Eurobarometer 47.1: Images of Switzerland, Education Throughout Life, Racism, and Patterns of Family Planning and Work Status, March-April 1997 Archival Version


This round of Eurobarometer surveys queried respondents on standard Eurobarometer measures such as public awareness of and attitudes toward the European Union (EU), and also focused on Switzerland's image, racism, education throughout life, and patterns of family planning and work status. Respondents were asked if the Swiss federal system and the Swiss direct democracy system should be considered as models for other countries. Respondents were also asked whether Switzerland was a good example of a multicultural society, whether it was a conservative country in urgent need of reforms, whether it participated enough in efforts aimed at solving economic, social, and political problems, and whether it had a strong tradition of humanitarian aid. Opinions were sought on Swiss banking practices, including the role of the Swiss in business, accountability for foreign investors, and repayment to World War II victims. A series of questions pertaining to minority groups of different races, religions, and cultures was asked. Items included perceptions of the presence or number of minorities in the country, workplace, and neighborhood of the respondent, as well as the impact of such groups on societal values, the economy, job markets, education, Social Security, and sports. Also probed were respondents' views on rights for legal and illegal immigrants (noncitizens), including freedom of speech, housing, education, protection against discrimination, and circumstances for deportation. A few questions covered the "European Year against Racism" (1997) campaign and the role European institutions play or should adopt in the fight against racism. Respondents were also asked to rate their own degree of racism and to name groups they or their country found disturbing. If a group was named, respondents were asked if they could imagine having a close relationship with or working for someone from this group, and if it would be difficult to accept their child marrying into this group and having children with someone from this group. Information was also gathered on education and training throughout life. Respondents indicated reasons for or against lifelong training, the necessity of such training in light of evolving information and communication technologies, the impact of continuing training on their own private and work lives, and preferred types of training courses. Other queries concerned family planning and work situations. Respondents listed the number of children they had and indicated whether they were working part-time, full-time, or not at all. In addition, respondents specified the age at which women should have their first child and their last child, and commented on the ideal work situation while rearing children. Respondents also described preferred arrangements for taking care of elderly parents, including who should be responsible for payment. Demographic and other background information provided includes respondent's age, sex, marital status, and left-right political self-placement as well as household income, the number of people residing in the home, and region of residence.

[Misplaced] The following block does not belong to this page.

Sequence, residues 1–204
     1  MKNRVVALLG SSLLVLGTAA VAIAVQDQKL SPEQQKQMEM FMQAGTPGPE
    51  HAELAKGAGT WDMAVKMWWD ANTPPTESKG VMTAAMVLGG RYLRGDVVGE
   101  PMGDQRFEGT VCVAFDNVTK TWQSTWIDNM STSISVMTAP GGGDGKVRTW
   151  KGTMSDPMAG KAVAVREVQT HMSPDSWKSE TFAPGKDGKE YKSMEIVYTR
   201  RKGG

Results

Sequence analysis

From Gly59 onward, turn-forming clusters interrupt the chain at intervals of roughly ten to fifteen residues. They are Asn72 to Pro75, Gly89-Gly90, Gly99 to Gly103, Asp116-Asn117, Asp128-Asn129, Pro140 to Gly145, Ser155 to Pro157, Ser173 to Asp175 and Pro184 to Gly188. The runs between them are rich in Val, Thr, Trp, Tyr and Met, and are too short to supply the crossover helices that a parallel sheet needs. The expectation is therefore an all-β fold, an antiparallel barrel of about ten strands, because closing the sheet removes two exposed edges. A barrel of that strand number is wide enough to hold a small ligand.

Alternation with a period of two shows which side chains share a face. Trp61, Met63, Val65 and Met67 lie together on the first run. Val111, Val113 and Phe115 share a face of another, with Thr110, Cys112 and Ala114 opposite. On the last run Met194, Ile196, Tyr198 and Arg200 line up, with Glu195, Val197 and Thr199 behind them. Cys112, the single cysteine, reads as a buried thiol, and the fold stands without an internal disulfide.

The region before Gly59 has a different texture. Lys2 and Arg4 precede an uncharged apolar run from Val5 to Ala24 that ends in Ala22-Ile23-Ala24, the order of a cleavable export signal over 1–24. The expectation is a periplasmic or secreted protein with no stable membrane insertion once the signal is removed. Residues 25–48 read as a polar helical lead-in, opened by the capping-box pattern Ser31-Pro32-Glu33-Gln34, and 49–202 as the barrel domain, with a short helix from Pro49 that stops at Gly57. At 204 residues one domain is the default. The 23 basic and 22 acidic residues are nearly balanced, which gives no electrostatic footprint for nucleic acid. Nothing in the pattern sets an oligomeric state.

Persons aged 15 and over residing in the 15 member nations of the European Union: Austria, Belgium, Denmark, Finland, France, Germany, Great Britain, Greece, Ireland, Italy, Luxembourg, the Netherlands, Portugal, Spain, and Sweden.

Multistage national probability samples.

2000-09-25 The data have been further processed by the ZA and the SPSS data definition statements have been updated. Also, a standard machine-readable codebook (PDF) with frequencies and SAS data definition statements have been added, and the data collection instrument is now available as a PDF file.

(1) Data processing for this collection was performed at the Zentralarchiv fur Empirische Sozialforschung in Cologne, Germany. (2) The codebook and data collection instrument are provided as Portable Document Format (PDF) files. The PDF file format was developed by Adobe Systems Incorporated and can be accessed using PDF reader software, such as the Adobe Acrobat Reader. Information on how to obtain a copy of the Acrobat Reader is provided on the ICPSR Web site.

Metadata Access
Creator Melich, Anna
Publisher ICPSR - Interuniversity Consortium for Political and Social Research
Publication Year 1999
Rights Delivery; This version of the study is no longer available on the web. If you need to acquire this version of the data, you have to contact ICPSR User Support (
OpenAccess true
Contact ICPSR - Interuniversity Consortium for Political and Social Research
Language English
Resource Type Dataset; survey data
Discipline Social Sciences